Brain and Abdominal Aneurysm Study

Overview

About this study

Aneurysmal subarachnoid hemorrhage (aSAH) is the most deadly kind of stroke. Each year, 40,000 Americans have SAH. Case-fatality approaches 60% and more than half of those who die do so before reaching the hospital. Most commonly, SAH results from rupture of an intracranial aneurysm. Screening high-risk individuals could identify those at greatest risk and decrease the devastating effect of SAH. Aortic Aneurysm also constitutes a major public health problem with high lethality. Current estimates are that ruptured aortic aneurysm kills 13,000 Americans each year. Screening efforts have effectively lowered mortality from aortic aneurysm rupture but a high proportion of those who die did not have a diagnosis of aortic aneurysm prior to rupture.

The relationship between intracranial and aortic aneurysm has long been recognized, but poorly quantified. Recent genome-wide association studies (GWAS) provide a molecular biological evidence for a shared pathophysiology. The chromosome 9p21 locus confers increased risk for both intracranial aneurysms and aortic aneurysms. These GWAS data, along with linkage data for other susceptibility loci, indicate that individuals and families harboring one type of aneurysm may be at especially increased risk of the other.

The rationale for this project is that opportunistic screening for abdominal aortic aneurysms (AAA) may be warranted in patients who present with aneurysmal subarachnoid hemorrhage. This study is meant to see if the yield of screening in this population is too low to justify its routine use. The investigators plan to systematically screen for AAA in all cases of aSAH presenting to MCH for treatment. If no individual out of 81 consecutively screened cases of aSAH has evidence of AAA, then the investigators can have strong confidence that there is a less than 5% chance of finding an AAA in the patient population.

Participation eligibility

Participant eligibility includes age, gender, type and stage of disease, and previous treatments or health concerns. Guidelines differ from study to study, and identify who can or cannot participate. There is no guarantee that every individual who qualifies and wants to participate in a trial will be enrolled. Contact the study team to discuss study eligibility and potential participation.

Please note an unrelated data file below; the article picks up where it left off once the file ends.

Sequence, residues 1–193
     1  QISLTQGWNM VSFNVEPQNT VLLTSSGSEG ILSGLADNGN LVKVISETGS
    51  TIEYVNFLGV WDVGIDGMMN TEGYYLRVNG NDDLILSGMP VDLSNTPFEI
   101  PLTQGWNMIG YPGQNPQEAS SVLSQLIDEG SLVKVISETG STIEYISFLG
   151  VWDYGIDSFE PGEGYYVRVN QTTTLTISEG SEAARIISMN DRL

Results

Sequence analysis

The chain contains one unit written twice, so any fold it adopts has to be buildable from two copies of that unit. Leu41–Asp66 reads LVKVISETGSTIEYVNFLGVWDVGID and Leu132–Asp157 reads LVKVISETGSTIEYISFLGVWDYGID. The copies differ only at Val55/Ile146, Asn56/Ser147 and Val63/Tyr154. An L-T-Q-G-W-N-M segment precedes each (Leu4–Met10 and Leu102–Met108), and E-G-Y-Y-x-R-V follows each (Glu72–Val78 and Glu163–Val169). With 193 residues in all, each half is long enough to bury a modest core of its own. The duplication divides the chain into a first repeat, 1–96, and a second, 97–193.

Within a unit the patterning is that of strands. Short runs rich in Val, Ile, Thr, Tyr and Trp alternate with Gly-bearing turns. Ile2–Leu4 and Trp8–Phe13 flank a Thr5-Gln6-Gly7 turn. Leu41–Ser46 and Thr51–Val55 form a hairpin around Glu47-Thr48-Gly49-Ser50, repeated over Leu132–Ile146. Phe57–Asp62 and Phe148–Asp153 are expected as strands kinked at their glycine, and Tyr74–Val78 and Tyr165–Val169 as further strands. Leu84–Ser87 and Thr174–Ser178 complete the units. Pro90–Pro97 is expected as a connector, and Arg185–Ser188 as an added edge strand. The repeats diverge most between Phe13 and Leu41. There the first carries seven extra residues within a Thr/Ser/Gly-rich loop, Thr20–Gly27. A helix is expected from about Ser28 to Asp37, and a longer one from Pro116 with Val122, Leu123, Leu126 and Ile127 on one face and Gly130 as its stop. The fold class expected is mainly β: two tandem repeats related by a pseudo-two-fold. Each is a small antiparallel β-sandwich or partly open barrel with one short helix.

Inclusion Criteria:

  • Men and women age ≥ 18 years.
  • Diagnosis of intracranial aneurysm secured by magnetic resonance angiography (MRA), computed tomographic angiography (CTA), or catheter-based cerebral angiography.
  • Diagnosis of subarachnoid hemorrhage diagnosed by head CT, brain MRI or lumbar puncture.
  • Provides written informed consent.

Exclusion Criteria:

  • Individuals < 18 years of age.
  • No known diagnosis of aortic aneurysm.
  • No history of prior screening for aortic aneurysm.
  • No condition like recent abdominal surgical scar that would preclude abdominal ultrasonography.
  • No therapy like abdominal hypothermia pads that would preclude abdominal ultrasonography.

 

Participating Mayo Clinic locations

Study statuses change often. Please contact the study team for the most up-to-date information regarding possible participation.

Mayo Clinic Location Status Contact

Jacksonville, Fla.

Mayo Clinic principal investigator

James Meschia, M.D.

Open for enrollment

Contact information:

Meredith McDonald B.S.

(904) 953-2903

Mcdonald.Meredith@mayo.edu

Rochester, Minn.

Mayo Clinic principal investigator

Giuseppe Lanzino, M.D.

Open for enrollment

Contact information:

RST Neurologic Surgery Research Team

(507) 293-1963

More information

Publications

Publications are currently not available
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CLS-20507254

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